The art of project management is something that Western Carolina University alum Joseph Foxx learned quickly. The 35-year-old technical support engineer is the father of a 15-year-old daughter and an 11-year-old son who worked full time at a manufacturing company in Fletcher. He did all of that while driving back and forth from the Asheville area to Cullowhee to take engineering classes.
The next time a student claims he or she will never use the math they’re struggling with in school, have them talk to Western Carolina University alumnus Thomas Farrell, a laser process engineer who works on commercial aircraft engines at GE Aviation Asheville.
The College of Engineering and Technology has announced an update for the name of a graduate program to better reflect the scope of curriculum.
Martin Schmedt MCM ’18, project engineer for WCU’s Apodaca Science Building, spent hours drawing plans for dream houses as a child. “After drawing so many, I began to envision building them for my friends and family,” Schmedt said.
We successfully wrapped up one of the most difficult semesters in our university’s history and began a new one with many known and unknown challenges ahead. Our employees and students have worked harder than ever amid the challenging circumstances of the COVID-19 pandemic to achieve their goals and to make a positive difference in the world.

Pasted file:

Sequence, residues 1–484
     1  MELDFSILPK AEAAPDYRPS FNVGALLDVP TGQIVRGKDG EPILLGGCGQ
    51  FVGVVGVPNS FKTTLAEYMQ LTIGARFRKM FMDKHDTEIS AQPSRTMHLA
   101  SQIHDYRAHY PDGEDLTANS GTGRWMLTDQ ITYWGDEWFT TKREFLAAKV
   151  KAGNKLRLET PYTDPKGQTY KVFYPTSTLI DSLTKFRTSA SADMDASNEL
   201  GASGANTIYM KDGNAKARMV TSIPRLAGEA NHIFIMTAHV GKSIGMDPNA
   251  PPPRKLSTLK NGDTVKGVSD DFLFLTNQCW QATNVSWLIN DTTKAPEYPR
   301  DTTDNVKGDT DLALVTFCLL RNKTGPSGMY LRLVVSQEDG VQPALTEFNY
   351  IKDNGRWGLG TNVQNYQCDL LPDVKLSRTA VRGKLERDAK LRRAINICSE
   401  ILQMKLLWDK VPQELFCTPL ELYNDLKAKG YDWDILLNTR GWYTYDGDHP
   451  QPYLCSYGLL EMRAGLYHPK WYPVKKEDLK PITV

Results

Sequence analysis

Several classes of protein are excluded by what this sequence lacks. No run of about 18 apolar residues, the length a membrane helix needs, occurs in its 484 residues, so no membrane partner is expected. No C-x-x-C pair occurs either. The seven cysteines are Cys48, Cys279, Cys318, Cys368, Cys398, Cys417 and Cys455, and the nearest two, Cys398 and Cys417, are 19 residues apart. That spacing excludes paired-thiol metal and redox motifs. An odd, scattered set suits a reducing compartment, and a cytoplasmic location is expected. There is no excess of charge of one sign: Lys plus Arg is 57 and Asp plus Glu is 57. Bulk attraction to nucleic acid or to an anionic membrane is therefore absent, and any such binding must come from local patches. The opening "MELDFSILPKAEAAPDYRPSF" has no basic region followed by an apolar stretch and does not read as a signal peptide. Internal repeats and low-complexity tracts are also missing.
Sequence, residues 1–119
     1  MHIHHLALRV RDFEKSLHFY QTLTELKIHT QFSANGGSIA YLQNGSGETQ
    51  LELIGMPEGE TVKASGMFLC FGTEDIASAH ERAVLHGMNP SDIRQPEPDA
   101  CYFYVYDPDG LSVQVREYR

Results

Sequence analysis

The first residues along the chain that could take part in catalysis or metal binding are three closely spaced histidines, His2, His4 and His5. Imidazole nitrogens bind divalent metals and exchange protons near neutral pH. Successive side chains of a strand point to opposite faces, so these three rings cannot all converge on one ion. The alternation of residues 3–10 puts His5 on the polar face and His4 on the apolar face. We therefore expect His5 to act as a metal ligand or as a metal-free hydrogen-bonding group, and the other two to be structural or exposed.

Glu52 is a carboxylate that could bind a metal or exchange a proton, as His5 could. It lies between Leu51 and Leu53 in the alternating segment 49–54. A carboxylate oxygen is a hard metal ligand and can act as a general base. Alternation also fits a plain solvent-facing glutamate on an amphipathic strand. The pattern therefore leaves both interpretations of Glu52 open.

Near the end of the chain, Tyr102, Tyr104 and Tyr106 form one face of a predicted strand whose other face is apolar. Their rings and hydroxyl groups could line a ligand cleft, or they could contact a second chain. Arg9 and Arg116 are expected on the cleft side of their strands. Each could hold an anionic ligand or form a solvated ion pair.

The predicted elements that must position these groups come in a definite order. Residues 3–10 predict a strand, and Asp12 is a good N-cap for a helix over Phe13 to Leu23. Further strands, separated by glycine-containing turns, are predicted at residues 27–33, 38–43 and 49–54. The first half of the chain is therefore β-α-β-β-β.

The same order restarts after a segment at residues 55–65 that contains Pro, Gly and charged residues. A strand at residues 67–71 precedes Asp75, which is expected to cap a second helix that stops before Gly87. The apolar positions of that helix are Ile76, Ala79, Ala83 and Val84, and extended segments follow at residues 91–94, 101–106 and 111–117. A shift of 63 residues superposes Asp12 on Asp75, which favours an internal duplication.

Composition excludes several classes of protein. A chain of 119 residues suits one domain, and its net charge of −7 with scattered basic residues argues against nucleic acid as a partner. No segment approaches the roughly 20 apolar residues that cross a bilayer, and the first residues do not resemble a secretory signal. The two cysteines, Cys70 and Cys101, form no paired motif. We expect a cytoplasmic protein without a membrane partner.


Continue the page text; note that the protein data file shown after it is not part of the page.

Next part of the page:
Students in Western Carolina University’s College of Engineering and Technology are conducting studies that could help people make more informed decisions on which face masks are most effective.
In December, Kenyatta Fortune will become a three-time graduate of Western Carolina University. Doing so didn’t come without facing significant challenges. “The dynamics are different,” Fortune said. “While the professors provide guidance, encouragement and support, the student is given full autonomy in setting personal timelines, meeting agendas and maintaining contact with milestone updates on their thesis research.”
Engineering students find creative ways to distribute Halloween candy. The traditional ways to celebrate Halloween will be the next victim of the global pandemic, COVID-19.
There was a time when faculty members spent most of their days preparing their lectures, presenting them to their students and being available during office hours for extra instruction. Some also had the additional task of preparing for laboratory work or work outside of campus, such as hospitals and nursing homes. Then came the coronavirus, COVID-19, and a new way of teaching was born.